Allene Symons sitting on the porch of her Craftsman-style Long Beach home where she discovered the photos of Huxley's hands that inspired her new book. Photo courtesy of Allene Symons.
It all started with the discovery of a few old boxes inside the garage of her craftsman-style home in Long Beach. Inside one box were the images of nearly a thousand hands gathered by her father in his quest to discover possible links between hand structure and pathology. The other box contained index cards penned in her mother’s handwriting linking each hand to its owner. One of them was famed British author Aldous Huxley.
Thus started the over 12-year odyssey of Allene Symons, local author and educator at Santa Ana College, that took her on a sprawling journey ranging from the library at the University of California Los Angeles where she read original entries from Huxley, to the Midwest for interviews with one of Huxley’s colleague’s daughters. Her research even took her to an obscure temple in Trabuco Canyon that’s now a hub of meditation and world religions, with the help of Huxley’s planning.
“A lot of that was like piecing together these little pieces as I went along, and it was great fun, for me,” Symons said.
This was done all in the name of exploring Huxley’s fascination with psychedelic science, states of consciousness and unorthodox healing, as well as highlighting its return to the mainstream, which she highlights in her new book, Aldous Huxley’s Hands. The book was published by Prometheus Books and distributed by Penguin Random House.
While the use of drugs like mescaline and LSD have long been studied for their use as treatment in psychiatric settings, psychedelics have just recently been re-visited for medical purposes, namely for the treatment of post-traumatic stress disorder and for end-of-life anxiety.
In what’s self-described as a “genre-bending” book, Aldous Huxley’s Hands serves as a two-fold homage: a memoir of her father and a historical biography investigating one of the more impactful authors of her youth and his fascination with neuroscience and psychedelics. While Huxley is probably best known for his dystopian novel A Brave New World, his fixation with altered states of perception led him to pen other works like Doors of Perception, where he wrote of his experiences with mescaline in his quest to access greater degrees of awareness.
Symons digs deeper into those works, even referencing a trove of letters between Huxley and Humphry Osmand—the British psychiatrist who provided Huxley with the mescaline for his experiments—that span a decade. The correspondences between the two even led to the coining of the word “psychedelic” 60 years ago next month.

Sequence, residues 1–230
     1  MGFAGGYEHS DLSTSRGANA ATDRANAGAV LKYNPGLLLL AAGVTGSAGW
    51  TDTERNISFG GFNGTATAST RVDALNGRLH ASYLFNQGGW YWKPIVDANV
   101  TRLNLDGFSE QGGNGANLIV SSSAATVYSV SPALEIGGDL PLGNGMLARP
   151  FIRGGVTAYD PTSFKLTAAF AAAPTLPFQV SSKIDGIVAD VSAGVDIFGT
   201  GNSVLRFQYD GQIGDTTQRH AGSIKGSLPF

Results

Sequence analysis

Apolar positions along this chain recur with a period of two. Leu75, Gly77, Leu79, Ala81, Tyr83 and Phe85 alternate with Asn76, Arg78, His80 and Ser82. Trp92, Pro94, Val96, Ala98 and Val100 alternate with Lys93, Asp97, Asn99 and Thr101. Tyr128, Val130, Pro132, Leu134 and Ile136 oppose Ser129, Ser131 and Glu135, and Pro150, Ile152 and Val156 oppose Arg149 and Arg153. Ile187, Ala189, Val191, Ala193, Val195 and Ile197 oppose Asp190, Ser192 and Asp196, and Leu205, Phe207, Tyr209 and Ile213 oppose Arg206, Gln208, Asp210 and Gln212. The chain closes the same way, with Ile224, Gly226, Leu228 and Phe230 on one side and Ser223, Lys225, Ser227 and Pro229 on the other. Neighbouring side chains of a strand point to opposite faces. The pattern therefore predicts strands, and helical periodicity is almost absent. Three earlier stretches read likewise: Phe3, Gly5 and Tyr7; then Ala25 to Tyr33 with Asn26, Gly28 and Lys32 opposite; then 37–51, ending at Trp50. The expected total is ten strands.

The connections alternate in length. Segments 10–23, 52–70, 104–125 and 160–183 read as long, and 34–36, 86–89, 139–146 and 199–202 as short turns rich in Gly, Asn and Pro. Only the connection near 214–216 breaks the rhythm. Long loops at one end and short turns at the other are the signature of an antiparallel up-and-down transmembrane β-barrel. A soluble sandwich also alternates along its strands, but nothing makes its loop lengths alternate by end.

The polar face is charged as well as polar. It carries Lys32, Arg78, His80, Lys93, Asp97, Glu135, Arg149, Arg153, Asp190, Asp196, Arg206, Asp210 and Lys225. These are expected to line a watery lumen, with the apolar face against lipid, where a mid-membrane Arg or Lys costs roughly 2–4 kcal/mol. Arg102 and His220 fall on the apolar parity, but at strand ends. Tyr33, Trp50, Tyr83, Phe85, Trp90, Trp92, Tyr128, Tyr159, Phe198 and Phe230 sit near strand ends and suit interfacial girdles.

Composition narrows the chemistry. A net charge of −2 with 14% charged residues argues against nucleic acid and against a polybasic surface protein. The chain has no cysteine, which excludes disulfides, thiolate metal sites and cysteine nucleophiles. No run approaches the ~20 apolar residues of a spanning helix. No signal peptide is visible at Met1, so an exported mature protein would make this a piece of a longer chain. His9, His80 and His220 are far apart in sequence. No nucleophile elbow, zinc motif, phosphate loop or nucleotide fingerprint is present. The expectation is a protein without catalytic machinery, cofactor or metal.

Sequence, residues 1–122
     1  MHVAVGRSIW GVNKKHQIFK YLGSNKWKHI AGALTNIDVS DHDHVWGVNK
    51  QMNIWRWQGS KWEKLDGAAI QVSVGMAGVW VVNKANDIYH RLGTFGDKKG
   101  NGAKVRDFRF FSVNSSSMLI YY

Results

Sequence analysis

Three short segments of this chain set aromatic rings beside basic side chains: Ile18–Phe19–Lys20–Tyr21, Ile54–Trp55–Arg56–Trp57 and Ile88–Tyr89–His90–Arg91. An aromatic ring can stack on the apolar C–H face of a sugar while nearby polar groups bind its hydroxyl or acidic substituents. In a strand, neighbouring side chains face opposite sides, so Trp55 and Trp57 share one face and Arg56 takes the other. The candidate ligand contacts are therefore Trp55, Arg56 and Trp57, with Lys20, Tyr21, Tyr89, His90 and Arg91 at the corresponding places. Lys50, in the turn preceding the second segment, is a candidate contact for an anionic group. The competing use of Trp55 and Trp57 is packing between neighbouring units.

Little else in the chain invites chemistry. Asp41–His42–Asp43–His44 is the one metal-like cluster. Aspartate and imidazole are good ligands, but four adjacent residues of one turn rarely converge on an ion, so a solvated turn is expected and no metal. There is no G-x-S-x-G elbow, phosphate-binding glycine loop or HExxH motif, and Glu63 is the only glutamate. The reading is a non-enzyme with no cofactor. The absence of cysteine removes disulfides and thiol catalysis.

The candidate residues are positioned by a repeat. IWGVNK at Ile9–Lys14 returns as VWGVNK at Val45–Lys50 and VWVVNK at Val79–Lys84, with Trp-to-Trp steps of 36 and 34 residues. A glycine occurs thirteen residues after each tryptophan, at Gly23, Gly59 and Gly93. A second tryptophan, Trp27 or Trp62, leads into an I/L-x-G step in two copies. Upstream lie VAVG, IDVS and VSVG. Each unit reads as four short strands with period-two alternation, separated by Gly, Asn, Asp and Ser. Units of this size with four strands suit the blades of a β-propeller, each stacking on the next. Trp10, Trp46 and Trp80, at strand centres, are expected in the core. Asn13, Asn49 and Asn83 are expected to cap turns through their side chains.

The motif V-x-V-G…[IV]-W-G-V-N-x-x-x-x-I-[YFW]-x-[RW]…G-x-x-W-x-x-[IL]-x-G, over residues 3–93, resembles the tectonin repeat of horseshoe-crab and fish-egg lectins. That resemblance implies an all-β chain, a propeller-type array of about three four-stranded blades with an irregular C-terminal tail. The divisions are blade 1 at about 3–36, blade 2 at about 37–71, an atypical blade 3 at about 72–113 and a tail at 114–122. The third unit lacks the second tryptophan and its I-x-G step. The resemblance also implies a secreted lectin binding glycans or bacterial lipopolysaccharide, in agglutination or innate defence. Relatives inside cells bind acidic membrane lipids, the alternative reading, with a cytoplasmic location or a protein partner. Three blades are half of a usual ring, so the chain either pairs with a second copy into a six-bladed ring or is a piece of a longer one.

As a student at San Francisco State University in the 1960s, Symons had her own run-ins with psychedelics and was exposed to the scholarly side of it, as the university had an on-campus research lab. However, she didn’t expect that, nearly 40 years later, her path would again intersect psychedelics and Huxley, this time through the work of her father.
As a woman who’s worked in literary and journalistic fields her whole life, Symons was shocked to find such a heavy-hitter’s name like Huxley’s stashed in a box in her parent’s garage. Her dad, Howard Thrasher, was studying the grain of hand prints and trying to connect them to pathological diseases. She was aware of her dad’s research as a girl, but few people knew of Huxley’s own private obsession with hands that eventually connected him to her father.
When she discovered that her dad had been invited to weekly salons at Huxley’s West Hollywood home where a star-studded cast of characters, including L. Ron Hubbard on one occasion, explored altered states of consciousness through hypnosis seances, she was floored.
However, Symons said that while her father did include Huxley’s hands in photographs that he studied, as well as other members of Huxley’s group, the innocuous index card that held only his name had no diagnosis.
“Huxley's hand was not one that he analyzed in any of the areas that he was looking at, interestingly,” Symons said. “There was no analysis of Huxley’s hand and my dad died before I even asked that question.”
Huxley’s hand, as well as a flower from the Peyote Cactus grace the cover of Symons latest work, which she will discuss at a book signing and discussion at Barnes and Noble this Saturday at the Marina Pacifica.
Symons said the most intriguing aspect of her delving into Huxley’s history with psychedelic experimentation was a trajectory it could’ve created for the use of the drugs as medicine. Like her dad, Huxley was trying to explore an obscure area of science to better mankind, only he was hopeful that the use of psychedelics could quell the fear of the Cold War. However, psychedelics remained classified as Class A narcotics, due in large part to government efforts.
“They couldn’t get the funding partly because they didn’t know the CIA was tapping off a lot of the funding for this clandestine experiment and research they were doing,” Symons said. “If their study of their own had gone through the psychedelic era could’ve been very different.”
Symons will be signing copies of the book at Barnes and Noble at 6326 Pacific Coast Highway starting at 2:00PM this Saturday, February 27, and a discussion with the author will follow.